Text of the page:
By Syed Raza Hassan and Asif Shahzad
SHIKARPUR, Pakistan (Reuters) - Residents in southern Pakistan used sandbags to shield their homes from surging floodwaters that inundated a major highway on Wednesday, as global aid began arriving with food, medicine and tents to help alleviate a major national disaster.
Abnormal heavy monsoon rains and melting glaciers triggered floods that have submerged a third of the country and killed at least 1,191 people, including 399 children. The United Nations has appealed for $160 million to help with what it calls an "unprecedented climate catastrophe".
In Dadu, a district of the southern province of Sindh, residents gathered to form new dikes and reinforce existing ones using sandbags near a major highway that was deluged by water overnight.
"We have been working to make and reinforce this dike since early morning," Damshad Ali, 20, told Reuters, vowing to stay in the flood-stricken area with his family.
Nearby, another man called for help.
"I appeal to all young men to come join the dike strengthening, God willing we will save the city of Mehar from the flood waters," he said from a mound of sandbags, as local residents joined the effort.
FLOODING SET TO WORSEN
Wednesday's flooding was caused by water gushing down from nearby mountains between the provinces of Sindh and Balochistan. Residents feared the situation could worsen as water from flooding in the north had yet to reach the southern province of Sindh and could do so in the coming days.
Global aid began arriving, carrying planeloads of tents, food and medicine from China, Turkey and the United Arab Emirates as the scale of the devastation unfolded, the foreign office said.
Hundreds of thousands of displaced people are in urgent need shelter, food and clean water, with the threat of more flooding to come on Wednesday.
Pakistan has received nearly 190% more rain than the 30-year average in the quarter through August this year, totalling 390.7 mm (15.38 inches). Sindh province, with a population of 50 million, was hardest hit, getting 466% more rain than the 30-year average.
Major rivers, the Indus and the Kabul have reached "high to very high flood" levels that are likely to continue rising over the next 24 hours, the National Disaster Management Authority (NDMA) said.
It said 480,030 displaced persons were transferred to refugee camps.
Foreign Minister Bilawal Bhutto-Zardari accompanied diplomats from 20 countries on a flight over the flooded regions which Climate Change Minister Sherry Rehman said comprised a third of the country.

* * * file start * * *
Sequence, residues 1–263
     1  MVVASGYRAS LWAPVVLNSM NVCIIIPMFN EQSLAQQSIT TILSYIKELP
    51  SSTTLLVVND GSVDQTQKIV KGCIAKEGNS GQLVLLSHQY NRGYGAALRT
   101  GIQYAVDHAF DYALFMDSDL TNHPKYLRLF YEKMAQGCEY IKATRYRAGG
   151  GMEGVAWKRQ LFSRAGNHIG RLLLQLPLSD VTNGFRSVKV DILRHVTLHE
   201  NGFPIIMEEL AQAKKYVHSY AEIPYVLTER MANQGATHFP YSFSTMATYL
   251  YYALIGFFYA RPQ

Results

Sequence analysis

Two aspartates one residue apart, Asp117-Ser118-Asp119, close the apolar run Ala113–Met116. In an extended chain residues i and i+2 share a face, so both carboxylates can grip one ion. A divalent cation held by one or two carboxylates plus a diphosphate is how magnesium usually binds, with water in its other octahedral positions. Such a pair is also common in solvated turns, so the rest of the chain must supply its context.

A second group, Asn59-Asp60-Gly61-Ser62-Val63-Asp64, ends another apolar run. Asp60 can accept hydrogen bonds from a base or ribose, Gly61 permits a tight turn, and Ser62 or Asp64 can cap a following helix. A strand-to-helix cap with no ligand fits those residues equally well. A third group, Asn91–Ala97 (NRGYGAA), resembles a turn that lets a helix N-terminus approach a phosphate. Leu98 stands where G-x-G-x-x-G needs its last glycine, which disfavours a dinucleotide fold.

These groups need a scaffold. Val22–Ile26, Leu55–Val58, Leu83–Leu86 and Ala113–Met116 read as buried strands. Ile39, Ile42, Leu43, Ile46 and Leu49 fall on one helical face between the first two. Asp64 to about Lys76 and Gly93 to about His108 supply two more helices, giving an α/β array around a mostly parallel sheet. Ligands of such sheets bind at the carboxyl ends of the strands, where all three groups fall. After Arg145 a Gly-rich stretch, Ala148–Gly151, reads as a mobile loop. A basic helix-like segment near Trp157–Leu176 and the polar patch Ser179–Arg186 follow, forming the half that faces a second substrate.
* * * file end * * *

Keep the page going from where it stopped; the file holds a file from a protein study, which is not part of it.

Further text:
International aid agencies have asked for a relaxation on imports of food from Pakistan's old rival and neighbour India, Finance Minister Miftah Ismail said.
"It will take a long time to bring the situation under control," Rehman told a news conference, adding that clean drinking water was scarce and "diseases are spreading."
6.4 MILLION IN NEED OF AID
Villager Fayyaz Ali, 27, in Sindh's hard-hit Shikarpur district, managed to get his family to safety but had little hope of saving his small home.
"The house is going to fall at any moment. It's inundated," Ali told Reuters as he sat on higher ground.
Like many others, Ali said he had yet to receive any help.
Main roads running above the fields have become refuges, with people, together with their belongings and farm animals, seeking shelter from the sun and rain under makeshift plastic tenting.
The World Health Organization said over 6.4 million people were in dire need of humanitarian aid.
"Access to health facilities, healthcare workers and essential medicines and medical supplies remain the main health challenges for now," WHO said in a statement.
Some 888 health facilities have been damaged, it added.
Army helicopters have been plucking stranded families from rooftops and patches of dry land and dropping food in inaccessible areas, mainly in northern and southwestern Pakistan.
Colossal volumes of water are pouring into the Indus river, spilling out along its length and leaving vast tracks of land submerged.
Flash floods have swept away homes, businesses, infrastructure and crops. The government says 33 million people, or 15% of the 220 million population, have been affected.
The floods have also washed away standing and stored crops that officials say will likely lead to a food shortage, with prices of edible items surging in a South Asian country already suffering from 24.9% inflation.
General Akhtar Nawaz, chief of the national disaster agency, said more than two million acres (809,371 hectares) of agricultural land have been flooded.
"The rice crop has been washed away," Prime Minister Shehbaz Sharif told reporters after visiting northern Pakistan. "Fruit and vegetables are gone."
He said floodwaters had swept away 700,000 livestock.
Early estimates have put the flood damage at more than $10 billion, the government has said, appealing to the world to help it deal with what it has called a man-made climate catastrophe.
(This story corrects spelling of Mehar in sixth paragraph)
(Reporting and writing by Asif Shahzad and Charlotte Greenfield in Islamabad; Editing by Robert Birsel, Tomasz Janowski and Bernadette Baum)